The Great Mother.
The human response to heavy predation was to reproduce often and early. The earlier a human female became a fertile adult, the more likely she was to have offspring before some predator caught her. And once fertile, she would give birth annually. It was perhaps female fertility that ensured the survival of human life. Fertile females were the most valuable humans. They were the Great Mothers who kept up human numbers. Human society was probably largely female, and controlled by women. The main task of females was to raise children. The main task of males was to find food. Because the males were often out foraging, they tended to be caught by predators more quickly than females who tended to stay in a relatively secure cave or camp. Thus males, while born in equal numbers, lived much shorter lives. The sex ratio may have been two or more adult females for every adult male. This sort of sex ratio is ideal for maximum reproduction, because only a few males are needed to fertilize a large number of females.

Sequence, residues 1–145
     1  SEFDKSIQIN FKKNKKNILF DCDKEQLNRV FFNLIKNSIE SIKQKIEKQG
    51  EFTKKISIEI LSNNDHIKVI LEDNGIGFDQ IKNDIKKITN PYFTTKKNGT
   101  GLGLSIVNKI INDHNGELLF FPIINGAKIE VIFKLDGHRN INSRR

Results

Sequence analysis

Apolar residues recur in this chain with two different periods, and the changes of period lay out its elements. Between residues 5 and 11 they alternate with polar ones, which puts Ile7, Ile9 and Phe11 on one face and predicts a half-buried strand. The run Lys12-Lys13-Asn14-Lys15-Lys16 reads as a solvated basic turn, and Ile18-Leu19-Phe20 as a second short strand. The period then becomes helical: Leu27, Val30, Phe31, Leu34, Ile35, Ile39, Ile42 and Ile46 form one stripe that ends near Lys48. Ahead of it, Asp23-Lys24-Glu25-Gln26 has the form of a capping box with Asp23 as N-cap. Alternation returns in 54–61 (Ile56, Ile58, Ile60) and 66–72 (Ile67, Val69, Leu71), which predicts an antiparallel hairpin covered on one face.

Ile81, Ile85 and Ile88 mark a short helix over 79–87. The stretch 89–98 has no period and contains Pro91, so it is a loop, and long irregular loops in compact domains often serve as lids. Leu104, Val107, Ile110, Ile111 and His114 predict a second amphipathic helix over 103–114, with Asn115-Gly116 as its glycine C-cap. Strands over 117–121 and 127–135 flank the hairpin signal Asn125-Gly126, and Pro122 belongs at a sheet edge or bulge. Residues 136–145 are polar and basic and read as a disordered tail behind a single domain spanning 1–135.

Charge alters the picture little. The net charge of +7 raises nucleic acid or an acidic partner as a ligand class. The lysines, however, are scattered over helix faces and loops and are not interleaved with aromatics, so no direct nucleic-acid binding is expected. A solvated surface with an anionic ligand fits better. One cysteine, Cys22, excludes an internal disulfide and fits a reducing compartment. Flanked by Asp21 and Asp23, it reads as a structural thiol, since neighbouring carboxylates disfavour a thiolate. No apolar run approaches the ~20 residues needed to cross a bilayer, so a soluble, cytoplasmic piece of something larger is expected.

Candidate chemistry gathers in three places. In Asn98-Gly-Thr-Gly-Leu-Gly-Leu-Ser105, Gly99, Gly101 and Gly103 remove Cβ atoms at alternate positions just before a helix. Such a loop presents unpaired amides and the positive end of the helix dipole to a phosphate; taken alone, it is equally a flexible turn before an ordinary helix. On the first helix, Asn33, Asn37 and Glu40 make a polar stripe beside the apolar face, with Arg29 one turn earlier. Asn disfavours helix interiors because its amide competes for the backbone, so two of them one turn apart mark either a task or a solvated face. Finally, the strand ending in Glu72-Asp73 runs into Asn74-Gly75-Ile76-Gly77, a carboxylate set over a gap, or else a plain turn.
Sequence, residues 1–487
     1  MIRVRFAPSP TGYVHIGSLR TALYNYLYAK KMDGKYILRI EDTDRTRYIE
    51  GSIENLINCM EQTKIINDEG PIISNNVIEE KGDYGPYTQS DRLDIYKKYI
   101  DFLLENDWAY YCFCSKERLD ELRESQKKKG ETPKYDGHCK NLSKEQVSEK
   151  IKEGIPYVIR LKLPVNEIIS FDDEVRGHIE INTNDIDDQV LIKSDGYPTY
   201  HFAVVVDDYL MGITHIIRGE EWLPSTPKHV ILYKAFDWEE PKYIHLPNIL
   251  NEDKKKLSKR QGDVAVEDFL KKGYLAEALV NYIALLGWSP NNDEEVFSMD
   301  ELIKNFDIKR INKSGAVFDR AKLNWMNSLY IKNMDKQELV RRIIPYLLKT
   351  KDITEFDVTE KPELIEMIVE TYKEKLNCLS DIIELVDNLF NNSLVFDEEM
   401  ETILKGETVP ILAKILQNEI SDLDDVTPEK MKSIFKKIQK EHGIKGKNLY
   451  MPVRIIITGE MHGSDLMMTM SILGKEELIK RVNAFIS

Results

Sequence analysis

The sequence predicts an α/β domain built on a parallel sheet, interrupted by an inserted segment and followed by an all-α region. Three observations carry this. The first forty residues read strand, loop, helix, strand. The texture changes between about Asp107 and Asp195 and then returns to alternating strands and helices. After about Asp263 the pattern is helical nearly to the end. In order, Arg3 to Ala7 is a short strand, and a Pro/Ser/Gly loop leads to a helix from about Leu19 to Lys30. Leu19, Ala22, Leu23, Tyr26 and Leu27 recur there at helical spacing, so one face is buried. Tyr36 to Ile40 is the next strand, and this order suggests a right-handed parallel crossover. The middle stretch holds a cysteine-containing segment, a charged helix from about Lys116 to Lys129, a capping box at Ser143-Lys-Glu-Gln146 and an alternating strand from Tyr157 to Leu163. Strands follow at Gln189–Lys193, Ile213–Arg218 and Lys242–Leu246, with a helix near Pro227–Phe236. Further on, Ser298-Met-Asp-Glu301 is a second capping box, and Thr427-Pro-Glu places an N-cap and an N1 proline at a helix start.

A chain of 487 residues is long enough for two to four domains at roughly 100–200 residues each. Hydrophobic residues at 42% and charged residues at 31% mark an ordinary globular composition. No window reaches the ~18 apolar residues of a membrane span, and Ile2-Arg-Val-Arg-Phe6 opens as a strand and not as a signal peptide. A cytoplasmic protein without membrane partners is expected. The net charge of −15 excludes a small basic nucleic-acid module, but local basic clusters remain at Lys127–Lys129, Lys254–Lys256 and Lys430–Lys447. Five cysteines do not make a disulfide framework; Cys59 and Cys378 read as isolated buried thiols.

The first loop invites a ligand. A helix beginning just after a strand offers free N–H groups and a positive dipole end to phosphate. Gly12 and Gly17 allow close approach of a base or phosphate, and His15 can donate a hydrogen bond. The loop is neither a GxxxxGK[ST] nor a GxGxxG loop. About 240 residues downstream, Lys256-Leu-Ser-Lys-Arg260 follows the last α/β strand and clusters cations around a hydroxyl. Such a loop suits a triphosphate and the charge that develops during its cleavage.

This time in early human history pushed the female form towards its present ideal - wide-hipped for easy birth, large-breasted for suckling infants. Quite simply, those women who were able to give birth easily, and provide abundant milk for their infants, tended to predominate, because they left more descendants. At the same time, the human male became sturdier, because his task was to carry heavy burdens of food over long distances.
If humans today are unusually highly sexed, by animal standards, it may simply be because for many thousands of years, even millions of years, human society was geared to maximum reproduction. And it was so geared because humans were under intense predator pressure.
If there are few human fossils, it is because most humans were dismembered by predators, and their relatively small bones crushed. There simply wasn't much left to be fossilized.
Periodically, whenever predator pressure eased, human numbers would increase very rapidly, their populations almost doubling every year. The natural refuges would not have been able to support such numbers. Large groups of humans would have been forced to leave, and strike out across predator country in search of new refuges. It is probable that most of these groups, which would have been composed mostly of children, were simply wiped out within a matter of weeks or months.